Underrepresentation in History
There is a story, told by Pliny the Elder who was a Roman writer from the first century BC, that says it was a woman who created the first ever cave drawing, tracing around the shadow of her lover onto a wall.
Yet despite this (and whether it is true or not, the telling of it at such an early time is important), until the 20th century – and the latter part, if we are brutally honest – women were severely underrepresented in the art world. If a woman was mentioned, then rather than simply enjoying her art as with a male artist’s work, it was more often suggested that the woman have ‘abnormal talents’, and it was this in general rather than the work that was produced that was critiqued.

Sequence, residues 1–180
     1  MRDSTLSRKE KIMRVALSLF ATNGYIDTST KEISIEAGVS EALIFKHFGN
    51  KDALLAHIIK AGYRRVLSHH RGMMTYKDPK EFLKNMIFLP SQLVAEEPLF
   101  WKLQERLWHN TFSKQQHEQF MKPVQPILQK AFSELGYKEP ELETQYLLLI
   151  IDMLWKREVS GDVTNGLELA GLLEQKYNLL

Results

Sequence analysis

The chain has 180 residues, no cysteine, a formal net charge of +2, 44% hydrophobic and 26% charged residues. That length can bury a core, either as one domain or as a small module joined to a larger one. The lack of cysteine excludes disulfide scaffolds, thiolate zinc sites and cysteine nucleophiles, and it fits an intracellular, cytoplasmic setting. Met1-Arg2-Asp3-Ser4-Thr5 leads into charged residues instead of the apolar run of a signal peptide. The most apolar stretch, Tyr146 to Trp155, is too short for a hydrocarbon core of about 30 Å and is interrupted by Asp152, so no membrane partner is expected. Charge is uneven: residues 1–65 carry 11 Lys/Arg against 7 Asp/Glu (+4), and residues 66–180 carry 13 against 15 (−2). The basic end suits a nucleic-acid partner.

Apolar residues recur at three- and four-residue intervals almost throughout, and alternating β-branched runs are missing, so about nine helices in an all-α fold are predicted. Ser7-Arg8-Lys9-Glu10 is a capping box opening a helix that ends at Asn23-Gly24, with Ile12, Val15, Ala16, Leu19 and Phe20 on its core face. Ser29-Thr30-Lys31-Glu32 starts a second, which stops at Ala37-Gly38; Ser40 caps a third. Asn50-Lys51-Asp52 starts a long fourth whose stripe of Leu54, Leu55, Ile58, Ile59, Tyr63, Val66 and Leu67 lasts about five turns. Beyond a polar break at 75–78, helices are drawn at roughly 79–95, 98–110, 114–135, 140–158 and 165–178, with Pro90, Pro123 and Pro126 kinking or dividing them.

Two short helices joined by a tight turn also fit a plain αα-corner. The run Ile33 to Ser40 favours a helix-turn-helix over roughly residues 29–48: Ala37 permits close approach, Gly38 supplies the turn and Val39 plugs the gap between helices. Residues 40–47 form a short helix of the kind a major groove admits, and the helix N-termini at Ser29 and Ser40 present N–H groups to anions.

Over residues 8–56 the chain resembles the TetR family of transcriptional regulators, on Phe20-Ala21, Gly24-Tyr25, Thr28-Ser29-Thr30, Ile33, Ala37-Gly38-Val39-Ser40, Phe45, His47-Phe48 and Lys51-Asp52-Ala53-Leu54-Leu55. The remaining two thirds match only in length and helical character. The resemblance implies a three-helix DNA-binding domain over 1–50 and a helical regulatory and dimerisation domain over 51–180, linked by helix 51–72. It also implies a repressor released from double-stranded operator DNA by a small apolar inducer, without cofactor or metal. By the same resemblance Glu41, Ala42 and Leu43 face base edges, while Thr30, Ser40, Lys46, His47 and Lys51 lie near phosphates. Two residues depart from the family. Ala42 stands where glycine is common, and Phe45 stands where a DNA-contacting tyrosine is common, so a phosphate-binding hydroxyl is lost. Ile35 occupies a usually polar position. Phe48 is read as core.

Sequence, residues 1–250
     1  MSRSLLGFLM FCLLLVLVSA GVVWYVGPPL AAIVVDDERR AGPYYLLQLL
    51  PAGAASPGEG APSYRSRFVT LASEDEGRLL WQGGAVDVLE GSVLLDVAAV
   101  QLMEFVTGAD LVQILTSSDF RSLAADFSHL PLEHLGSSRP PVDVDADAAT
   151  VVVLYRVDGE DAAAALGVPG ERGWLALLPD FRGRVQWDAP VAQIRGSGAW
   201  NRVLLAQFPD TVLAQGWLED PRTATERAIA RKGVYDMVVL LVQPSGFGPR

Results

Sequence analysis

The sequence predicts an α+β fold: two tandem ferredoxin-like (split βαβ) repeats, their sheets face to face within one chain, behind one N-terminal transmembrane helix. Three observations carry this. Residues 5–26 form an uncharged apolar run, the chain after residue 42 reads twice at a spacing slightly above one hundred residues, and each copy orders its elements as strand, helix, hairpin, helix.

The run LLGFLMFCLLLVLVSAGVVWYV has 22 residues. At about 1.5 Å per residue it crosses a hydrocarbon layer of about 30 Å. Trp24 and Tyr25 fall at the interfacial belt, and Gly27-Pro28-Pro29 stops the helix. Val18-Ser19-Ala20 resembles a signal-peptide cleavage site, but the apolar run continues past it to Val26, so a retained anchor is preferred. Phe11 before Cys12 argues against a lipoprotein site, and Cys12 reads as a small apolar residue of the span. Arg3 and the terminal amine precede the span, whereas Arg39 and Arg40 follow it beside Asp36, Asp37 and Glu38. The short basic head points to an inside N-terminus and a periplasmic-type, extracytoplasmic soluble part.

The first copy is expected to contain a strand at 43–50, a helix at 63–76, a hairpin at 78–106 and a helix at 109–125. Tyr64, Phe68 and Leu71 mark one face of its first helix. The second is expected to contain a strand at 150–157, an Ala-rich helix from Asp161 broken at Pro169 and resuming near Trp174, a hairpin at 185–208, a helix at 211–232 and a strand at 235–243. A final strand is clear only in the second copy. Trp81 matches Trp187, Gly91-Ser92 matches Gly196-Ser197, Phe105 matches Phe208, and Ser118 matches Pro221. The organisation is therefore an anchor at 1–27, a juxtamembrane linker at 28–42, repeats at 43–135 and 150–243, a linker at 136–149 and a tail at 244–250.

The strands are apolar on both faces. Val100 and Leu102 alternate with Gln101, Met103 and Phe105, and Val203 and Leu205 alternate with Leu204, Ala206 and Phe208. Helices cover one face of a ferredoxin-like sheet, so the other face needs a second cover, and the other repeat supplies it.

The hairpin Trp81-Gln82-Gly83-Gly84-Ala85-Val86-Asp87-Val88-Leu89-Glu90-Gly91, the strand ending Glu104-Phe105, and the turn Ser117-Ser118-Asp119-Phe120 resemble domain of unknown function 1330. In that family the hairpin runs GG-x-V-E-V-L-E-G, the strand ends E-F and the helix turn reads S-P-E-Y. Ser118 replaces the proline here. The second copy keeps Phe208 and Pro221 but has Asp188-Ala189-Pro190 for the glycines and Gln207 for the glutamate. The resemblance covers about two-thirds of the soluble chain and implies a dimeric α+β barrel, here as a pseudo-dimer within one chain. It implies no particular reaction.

An example of this is Mary Beale. Beale was a portrait artists working in the late 17th century. She was a highly sought after artists, in fact, with people visiting her studio from across the country and beyond in order to be painted by her. Yet it was her husband who received the real praise; it was his studio set up and painting methods that she used to create the work, so she was merely a tool, and it was he who should be commended. There are countless stories like this.